I only caught a portion of a report on NPR last week so I am afraid I can’t properly credit the speaker who first mentioned the idea of less consumption leading to more local trash. But it’s such an interesting concept I had to write about it.
Most of us don’t think about what happens to the packaging our stuff comes in. Many of us just throw it away or recycle it. When it’s recycled, cardboard and other waste paper often ends up being processed and bailed at the recycling facility for export to countries that, oddly enough, can’t get enough of this stuff. Places like China and Japan, where they make lots of stuff but don’t have a lot of trees to make into paper and cardboard to put the stuff in.
So China makes stuff, sends it to us in boxes, we buy the stuff, recycle the boxes, that go back to China, to make packaging for more stuff, and the cycle goes on and on.
But apparently, we’re not buying enough new stuff from them and the waste paper we’re sending to the Far East is piling up in their shipping ports and the bottom has fallen out of the recycled paper business. So China et al. may not want our waste paper products any more, or at least not in the quantities we’ve been sending it them in the past.
Meanwhile, all of the stuff from China and company that was already in the pipeline to the U.S. will eventually be sold and the paper and cardboard sent off to recycling centers without a market to sell it to. So where will it go? You guessed it, into landfills, perhaps even the one in your city or neighborhood. It could be worse, at least this paper and cardboard is biodegradable. But it takes up a lot of room in landfills, room that we’re rapidly running out.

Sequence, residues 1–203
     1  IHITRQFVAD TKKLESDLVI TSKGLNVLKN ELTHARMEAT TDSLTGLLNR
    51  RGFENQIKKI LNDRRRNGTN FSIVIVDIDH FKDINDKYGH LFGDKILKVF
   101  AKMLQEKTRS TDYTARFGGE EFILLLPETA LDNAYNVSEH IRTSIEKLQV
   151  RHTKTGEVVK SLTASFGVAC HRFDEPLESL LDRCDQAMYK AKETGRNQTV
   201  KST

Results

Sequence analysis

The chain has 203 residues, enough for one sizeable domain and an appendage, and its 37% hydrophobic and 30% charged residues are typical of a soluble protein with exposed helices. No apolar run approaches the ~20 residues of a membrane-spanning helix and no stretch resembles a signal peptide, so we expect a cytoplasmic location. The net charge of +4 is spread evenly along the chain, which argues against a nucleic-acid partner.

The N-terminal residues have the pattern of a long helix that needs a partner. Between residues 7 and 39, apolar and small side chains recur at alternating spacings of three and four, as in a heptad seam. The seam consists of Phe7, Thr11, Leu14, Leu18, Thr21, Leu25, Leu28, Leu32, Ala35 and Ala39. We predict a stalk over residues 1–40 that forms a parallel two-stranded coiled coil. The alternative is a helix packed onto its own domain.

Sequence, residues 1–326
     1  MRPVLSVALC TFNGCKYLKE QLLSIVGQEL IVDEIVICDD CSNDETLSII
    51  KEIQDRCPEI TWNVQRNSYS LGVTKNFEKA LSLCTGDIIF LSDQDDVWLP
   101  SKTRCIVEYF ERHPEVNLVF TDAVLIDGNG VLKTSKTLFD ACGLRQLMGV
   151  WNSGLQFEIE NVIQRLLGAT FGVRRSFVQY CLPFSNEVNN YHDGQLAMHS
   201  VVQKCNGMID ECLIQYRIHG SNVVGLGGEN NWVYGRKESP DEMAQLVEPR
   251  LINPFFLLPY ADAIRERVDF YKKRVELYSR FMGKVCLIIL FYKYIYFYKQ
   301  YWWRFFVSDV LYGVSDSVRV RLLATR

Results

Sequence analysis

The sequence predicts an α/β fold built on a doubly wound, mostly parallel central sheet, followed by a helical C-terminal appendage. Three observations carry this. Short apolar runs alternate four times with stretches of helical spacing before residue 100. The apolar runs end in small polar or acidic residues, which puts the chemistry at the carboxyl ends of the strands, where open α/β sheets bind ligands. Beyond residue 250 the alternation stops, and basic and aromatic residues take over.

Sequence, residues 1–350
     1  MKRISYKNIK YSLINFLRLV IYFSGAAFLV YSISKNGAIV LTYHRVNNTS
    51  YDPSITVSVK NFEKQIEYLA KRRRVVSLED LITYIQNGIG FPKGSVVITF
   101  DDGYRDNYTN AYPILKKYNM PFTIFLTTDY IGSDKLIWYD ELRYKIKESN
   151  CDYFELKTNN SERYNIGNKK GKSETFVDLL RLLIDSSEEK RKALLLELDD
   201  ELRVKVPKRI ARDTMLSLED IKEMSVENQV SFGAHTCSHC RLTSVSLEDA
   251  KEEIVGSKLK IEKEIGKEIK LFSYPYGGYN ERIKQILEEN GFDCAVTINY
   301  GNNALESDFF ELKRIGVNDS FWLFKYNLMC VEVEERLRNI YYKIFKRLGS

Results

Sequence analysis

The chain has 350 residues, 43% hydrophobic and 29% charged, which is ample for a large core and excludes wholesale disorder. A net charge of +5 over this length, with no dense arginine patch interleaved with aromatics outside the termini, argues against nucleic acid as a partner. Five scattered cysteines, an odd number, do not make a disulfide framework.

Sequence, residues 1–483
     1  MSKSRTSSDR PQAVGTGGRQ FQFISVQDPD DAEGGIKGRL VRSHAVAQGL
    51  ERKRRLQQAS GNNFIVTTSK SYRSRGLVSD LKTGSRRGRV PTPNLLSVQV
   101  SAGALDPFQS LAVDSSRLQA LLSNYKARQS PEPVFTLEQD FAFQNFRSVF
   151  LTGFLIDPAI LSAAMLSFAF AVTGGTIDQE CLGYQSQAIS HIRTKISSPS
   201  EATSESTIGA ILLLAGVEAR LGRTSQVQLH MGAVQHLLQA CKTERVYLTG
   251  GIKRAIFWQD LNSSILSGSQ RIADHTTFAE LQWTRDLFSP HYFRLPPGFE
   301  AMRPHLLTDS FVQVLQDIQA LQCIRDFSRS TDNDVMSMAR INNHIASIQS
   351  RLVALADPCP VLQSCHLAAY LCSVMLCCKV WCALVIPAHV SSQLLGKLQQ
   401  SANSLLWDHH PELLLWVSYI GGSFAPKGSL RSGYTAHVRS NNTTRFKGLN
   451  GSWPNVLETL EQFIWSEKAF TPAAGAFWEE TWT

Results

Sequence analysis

So then, is the lesson to buy more to keep the cycle of consumption and waste recycling going? I think not. The lesson is to consider the entire life cycle of what we purchase, including the stuff it comes in. For example, less packaging, less to throw away or recycle. No packaging? Well, good luck unless you’re buying used in which case someone else has already dealt with the packaging.
Here’s an interesting video in Chinese with English subtitles about the problem of over packaging as seen from the Chinese perspective.